> I can't concur. GC isn't a book in its own right,
            > like Wizard of Earthsea, but merely Volume 1, like
            > Fellowship. It can't to my mind be judged
            > independent of the other volumes, and like David, I
            > find the third in particular to be a trainwreck: Act
            > III of Faust as imagined by William Burroughs.
            >
          • WendellWag@aol.com
            In a message dated 6/26/2007 10:32:42 P.M. Eastern Daylight Time, lynnmaudlin@yahoo.com writes: So why did The Golden Compass/Northern Lights win, instead
            Message 5 of 20 , Jun 26, 2007
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              In a message dated 6/26/2007 10:32:42 P.M. Eastern Daylight Time,
              lynnmaudlin@... writes:

              So why did "The Golden Compass/Northern Lights" win, instead of the
              whole "His Dark Materials" book? *confused*



              Because, as I said in my post last night, the whole nomination procedure was
              very arcane. They started with all the winners of the Carnegie Medal. _His
              Dark Materials_ was never voted on as a single book for the Carnegie. Only
              the part published as _The Golden Compass_ won a Carnegie. Then some
              committee decided that the following ten books were the finalists and they were the
              only books that the online voters could choose from:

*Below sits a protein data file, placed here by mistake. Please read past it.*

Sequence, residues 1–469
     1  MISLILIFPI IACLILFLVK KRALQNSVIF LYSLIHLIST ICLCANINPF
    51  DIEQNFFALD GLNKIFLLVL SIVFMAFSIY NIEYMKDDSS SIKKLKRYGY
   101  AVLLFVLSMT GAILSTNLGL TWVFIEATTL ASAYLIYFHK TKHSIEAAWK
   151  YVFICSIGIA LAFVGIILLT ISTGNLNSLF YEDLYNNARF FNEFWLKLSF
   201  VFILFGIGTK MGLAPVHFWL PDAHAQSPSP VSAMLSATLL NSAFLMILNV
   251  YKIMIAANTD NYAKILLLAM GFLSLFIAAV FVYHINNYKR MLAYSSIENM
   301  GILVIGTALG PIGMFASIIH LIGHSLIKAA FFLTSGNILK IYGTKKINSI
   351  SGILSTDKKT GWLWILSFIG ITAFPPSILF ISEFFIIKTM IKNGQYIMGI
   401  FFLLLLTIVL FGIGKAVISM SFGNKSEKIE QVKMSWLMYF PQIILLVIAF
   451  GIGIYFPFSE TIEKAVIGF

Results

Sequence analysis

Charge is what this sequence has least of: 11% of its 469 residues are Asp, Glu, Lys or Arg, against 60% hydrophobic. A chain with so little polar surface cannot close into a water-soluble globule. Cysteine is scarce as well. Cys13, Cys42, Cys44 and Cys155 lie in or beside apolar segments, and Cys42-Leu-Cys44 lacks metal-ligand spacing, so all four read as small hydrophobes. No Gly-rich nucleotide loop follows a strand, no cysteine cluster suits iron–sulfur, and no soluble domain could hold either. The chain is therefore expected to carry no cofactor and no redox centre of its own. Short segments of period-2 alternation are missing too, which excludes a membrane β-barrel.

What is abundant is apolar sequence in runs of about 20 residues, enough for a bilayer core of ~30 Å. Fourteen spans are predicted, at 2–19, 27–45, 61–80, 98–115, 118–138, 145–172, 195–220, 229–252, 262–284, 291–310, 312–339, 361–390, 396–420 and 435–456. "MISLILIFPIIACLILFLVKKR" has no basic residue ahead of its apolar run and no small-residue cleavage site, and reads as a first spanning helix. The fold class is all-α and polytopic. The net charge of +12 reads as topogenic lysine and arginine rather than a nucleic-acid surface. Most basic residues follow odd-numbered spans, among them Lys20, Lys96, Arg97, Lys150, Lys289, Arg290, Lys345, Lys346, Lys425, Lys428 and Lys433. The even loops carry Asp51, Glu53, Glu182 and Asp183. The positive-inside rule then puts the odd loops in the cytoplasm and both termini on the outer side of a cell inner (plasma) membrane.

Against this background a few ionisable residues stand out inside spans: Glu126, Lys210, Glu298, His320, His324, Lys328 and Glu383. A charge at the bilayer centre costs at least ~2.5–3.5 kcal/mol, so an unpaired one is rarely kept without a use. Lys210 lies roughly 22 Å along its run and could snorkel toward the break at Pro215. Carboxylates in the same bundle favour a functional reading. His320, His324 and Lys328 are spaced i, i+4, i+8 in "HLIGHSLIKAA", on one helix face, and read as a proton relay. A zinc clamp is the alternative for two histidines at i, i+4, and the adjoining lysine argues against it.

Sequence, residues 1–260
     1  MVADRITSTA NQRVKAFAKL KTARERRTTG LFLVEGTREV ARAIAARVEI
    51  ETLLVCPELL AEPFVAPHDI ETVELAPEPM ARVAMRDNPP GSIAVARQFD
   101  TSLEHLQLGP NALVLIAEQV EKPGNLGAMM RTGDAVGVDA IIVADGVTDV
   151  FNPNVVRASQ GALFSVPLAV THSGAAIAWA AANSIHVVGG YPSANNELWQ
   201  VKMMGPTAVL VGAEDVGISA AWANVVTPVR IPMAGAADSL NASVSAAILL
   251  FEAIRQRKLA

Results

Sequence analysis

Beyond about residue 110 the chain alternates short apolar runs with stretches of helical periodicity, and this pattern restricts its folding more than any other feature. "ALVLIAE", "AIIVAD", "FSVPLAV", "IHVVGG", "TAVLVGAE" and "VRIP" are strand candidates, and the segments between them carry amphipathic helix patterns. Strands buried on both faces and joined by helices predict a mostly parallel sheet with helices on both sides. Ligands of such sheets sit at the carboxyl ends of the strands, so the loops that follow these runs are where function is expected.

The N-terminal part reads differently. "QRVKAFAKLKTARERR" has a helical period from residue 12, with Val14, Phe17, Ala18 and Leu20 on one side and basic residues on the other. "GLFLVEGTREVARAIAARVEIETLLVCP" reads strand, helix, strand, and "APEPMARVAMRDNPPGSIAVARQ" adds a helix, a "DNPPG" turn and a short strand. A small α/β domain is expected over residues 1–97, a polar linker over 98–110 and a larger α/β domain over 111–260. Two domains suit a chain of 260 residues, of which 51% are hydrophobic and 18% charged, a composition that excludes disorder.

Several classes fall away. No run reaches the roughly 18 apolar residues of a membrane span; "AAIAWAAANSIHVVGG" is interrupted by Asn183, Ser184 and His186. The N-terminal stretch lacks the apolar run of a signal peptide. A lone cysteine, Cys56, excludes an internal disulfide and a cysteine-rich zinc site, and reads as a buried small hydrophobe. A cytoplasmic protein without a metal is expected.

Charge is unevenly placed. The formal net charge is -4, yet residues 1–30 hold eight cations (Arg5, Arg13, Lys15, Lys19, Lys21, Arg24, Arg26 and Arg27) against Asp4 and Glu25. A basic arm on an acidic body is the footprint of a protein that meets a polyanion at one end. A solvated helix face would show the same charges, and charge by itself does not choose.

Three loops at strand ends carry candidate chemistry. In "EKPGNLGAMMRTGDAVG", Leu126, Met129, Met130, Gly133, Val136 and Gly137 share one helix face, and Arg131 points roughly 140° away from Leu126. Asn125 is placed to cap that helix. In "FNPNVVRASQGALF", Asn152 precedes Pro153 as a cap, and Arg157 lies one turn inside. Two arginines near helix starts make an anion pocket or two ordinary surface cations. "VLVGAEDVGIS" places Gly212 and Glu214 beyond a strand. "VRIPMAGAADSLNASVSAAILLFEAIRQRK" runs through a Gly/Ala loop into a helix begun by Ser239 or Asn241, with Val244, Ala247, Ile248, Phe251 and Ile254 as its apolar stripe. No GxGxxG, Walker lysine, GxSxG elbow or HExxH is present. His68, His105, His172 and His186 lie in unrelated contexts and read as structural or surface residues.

David Almond _David Al
              Melvin Burgess _Junk_
              <WBR><WBR>Kevin Crossley-Holland
              Jennifer Donnelly _A Jennifer Donnelly
              Alan Garner _The Owl Service_
              Eve Garnett Eve Garnett <WBR><WBR>_The Family
              <WBR><WBR><WBR><WBR><WBR><WB
              Philippa Pearce Philippa Pearce <WBR><WBR
              Philip Pullman Philip Pullman <WBR><W
              Robert WestallRobert Westall<WBR><W

              The online voters chose _The Golden Compass_, possibly because it was the
              only one that they had read (or even heard of).

              Wendell Wagner




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            • WendellWag@aol.com
              The book titles and authors got screwed up somehow, and I don t have time to figure out why. Look at the Wikipedia entry for the Carnegie Medal. There s a
              Message 6 of 20 , Jun 26, 2007